Decision No. 14,457
Appeal of K.R., on behalf of his daughter, L.R., from action of the Board of Education of the Phoenix Central School District regarding student suspension.
Decision No. 14,457
(September 7, 2000)
Mitchell, Mitchell and Palmer, Esqs., attorneys for petitioner, Richard C. Mitchell, Jr., Esq., of counsel
Hancock & Estabrook, L.L.P., attorneys for respondent, Lindsey Helmer Hazelton, Esq., of counsel
MILLS, Commissioner.--Petitioner challenges the decision of the Board of Education of the Phoenix Central School District ("respondent") affirming his daughter's suspension for 180 school days. The appeal must be dismissed.
On April 5, 2000, petitioner's daughter, a third grade student in respondent's Elm Street Elementary School, was suspended pending a hearing pursuant to Education Law "3214(3)(c), for her alleged involvement in a bomb threat on March 31, 2000. The hearing was held on April 12, 2000. At the hearing, petitioner's daughter testified that on Friday, March 31, 2000, while on a school bus, at the request of another student ("R") and as part of an "April Fool's joke" to be played on a third student ("K"), she wrote a note stating "There's a bomb in Elm Street School". R then took the note from petitioner's daughter, placed it in the seat in front of him, and sat in the seat in which he had placed the note. K subsequently boarded the bus and sat with R. When R directed K's attention to the note, K picked it up and, after looking it over, brought it to the school bus driver, followed by R.
Petitioner's daughter testified that she "thought" and "hoped" that R would try to stop K from going to the bus driver. She further testified that K gave the note to the bus driver, who then called the bus garage. While petitioner's daughter later spoke with a policeman who was investigating the incident, she didn't tell him anything about the note because she was afraid of getting into trouble. She further testified that she didn’t tell K that the note was an April Fool's joke, that she didn’t talk about the incident with anyone else from school that day, that she didn’t discuss it with her parents over the weekend, and that she first discussed the incident with school staff the following Tuesday. According to an affidavit submitted by respondent's superintendent of schools, the note was treated as a legitimate threat and the school was evacuated in accordance with district policy.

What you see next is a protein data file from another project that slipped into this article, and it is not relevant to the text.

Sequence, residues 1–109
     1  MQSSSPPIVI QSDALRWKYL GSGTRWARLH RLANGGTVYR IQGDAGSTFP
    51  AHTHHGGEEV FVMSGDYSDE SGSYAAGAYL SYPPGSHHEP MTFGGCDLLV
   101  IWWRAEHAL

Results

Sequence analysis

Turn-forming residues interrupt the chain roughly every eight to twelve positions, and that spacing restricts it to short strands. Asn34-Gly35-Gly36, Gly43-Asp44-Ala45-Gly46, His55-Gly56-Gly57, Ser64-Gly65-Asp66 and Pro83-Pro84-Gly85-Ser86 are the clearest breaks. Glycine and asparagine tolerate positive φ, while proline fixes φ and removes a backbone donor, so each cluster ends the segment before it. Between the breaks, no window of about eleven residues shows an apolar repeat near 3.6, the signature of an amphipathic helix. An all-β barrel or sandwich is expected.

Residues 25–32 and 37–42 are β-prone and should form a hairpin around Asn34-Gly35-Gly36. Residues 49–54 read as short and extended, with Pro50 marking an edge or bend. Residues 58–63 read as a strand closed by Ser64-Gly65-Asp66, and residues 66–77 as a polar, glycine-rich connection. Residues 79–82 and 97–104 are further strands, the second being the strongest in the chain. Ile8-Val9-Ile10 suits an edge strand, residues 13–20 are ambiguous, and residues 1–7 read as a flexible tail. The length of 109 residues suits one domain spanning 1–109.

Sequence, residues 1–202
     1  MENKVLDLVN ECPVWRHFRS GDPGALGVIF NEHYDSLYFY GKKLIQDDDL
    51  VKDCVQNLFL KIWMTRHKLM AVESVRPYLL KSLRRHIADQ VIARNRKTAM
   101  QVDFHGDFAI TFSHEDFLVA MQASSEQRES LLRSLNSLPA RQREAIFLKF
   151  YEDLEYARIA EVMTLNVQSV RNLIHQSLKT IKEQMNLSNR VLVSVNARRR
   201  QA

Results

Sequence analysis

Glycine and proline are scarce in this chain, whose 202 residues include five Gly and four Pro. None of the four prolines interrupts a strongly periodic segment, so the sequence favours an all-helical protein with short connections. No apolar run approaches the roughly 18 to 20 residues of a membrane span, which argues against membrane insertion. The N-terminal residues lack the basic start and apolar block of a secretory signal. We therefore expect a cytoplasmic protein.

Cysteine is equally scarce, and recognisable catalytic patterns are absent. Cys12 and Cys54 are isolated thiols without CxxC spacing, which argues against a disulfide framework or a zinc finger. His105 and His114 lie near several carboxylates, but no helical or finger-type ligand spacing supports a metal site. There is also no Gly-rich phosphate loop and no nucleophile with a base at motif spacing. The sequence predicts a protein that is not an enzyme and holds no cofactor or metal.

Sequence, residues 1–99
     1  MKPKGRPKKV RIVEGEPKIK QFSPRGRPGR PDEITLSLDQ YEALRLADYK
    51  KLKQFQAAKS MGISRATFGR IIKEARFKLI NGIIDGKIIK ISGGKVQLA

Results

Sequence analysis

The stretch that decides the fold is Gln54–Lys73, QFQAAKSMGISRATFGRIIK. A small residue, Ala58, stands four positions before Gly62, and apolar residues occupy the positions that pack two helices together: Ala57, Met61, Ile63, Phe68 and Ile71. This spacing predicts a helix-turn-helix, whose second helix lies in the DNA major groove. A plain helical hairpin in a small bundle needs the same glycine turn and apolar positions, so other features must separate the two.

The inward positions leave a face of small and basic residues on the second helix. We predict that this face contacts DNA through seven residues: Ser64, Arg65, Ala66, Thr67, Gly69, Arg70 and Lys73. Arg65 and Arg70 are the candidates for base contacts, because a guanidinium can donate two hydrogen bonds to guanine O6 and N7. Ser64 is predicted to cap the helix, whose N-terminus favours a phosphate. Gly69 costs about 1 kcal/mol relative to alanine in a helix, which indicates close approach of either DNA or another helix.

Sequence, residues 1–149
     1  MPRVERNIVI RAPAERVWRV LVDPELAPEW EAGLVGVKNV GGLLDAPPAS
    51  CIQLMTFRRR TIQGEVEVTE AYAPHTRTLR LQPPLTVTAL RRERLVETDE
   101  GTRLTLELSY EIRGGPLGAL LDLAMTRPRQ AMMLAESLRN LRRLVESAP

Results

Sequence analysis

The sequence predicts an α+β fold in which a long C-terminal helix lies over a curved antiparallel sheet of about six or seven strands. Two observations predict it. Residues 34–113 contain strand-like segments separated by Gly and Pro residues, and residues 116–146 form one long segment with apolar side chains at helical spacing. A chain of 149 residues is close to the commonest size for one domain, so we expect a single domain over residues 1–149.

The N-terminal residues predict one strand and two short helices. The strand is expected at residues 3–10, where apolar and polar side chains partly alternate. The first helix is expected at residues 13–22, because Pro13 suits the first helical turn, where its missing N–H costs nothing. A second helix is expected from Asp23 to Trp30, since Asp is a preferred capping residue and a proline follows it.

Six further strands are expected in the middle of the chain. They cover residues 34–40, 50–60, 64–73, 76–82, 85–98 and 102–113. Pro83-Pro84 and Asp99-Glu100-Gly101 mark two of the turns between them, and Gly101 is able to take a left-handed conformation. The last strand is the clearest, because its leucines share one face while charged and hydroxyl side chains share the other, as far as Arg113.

On April 13, 2000, the hearing officer issued a written decision finding petitioner's daughter guilty of being insubordinate and disorderly in that on March 31, 2000 she was involved in a bomb threat and recommended her suspension for 180 school days. By letter dated April 14, 2000, the superintendent notified petitioner's parents that, after reviewing the hearing officer's finding of facts and recommendation, he decided to suspend petitioner's daughter for 180 school days, and to provide her with a minimum of five hours of home instruction per week. Petitioner then appealed the superintendent's determination to respondent. In a letter dated May 18, 2000, respondent informed petitioner of its decision to uphold the superintendent's finding that petitioner's daughter was involved in a bomb threat on March 31, 2000 and his recommendation that she be suspended for 180 school days.
Petitioner commenced this appeal by service of a copy of the petition upon the president of respondent board and respondent's superintendent on June 15, 2000. By letter dated July 6, 2000, petitioner's request for a stay, pending final determination in the appeal, was denied.
Petitioner contends that the charges are not supported by the evidence and that the penalty imposed is excessive. Petitioner also contends that the home instruction offered to his daughter is inadequate. Petitioner requests that respondent's determination be set aside and that a finding of "not guilty" be made, or in the alternative, that the penalty be reduced to time already suspended, and that his daughter be immediately reinstated in the Elm Street School.
Respondent denies petitioner's allegations and raises several affirmative defenses. Respondent contends that the petition is not verified as required by 8 NYCRR "275.5; that the petition was not personally served upon the named respondents as required by 8 NYCRR "275.8; that the penalty imposed is not excessive; and that its decision is based on competent and substantial evidence.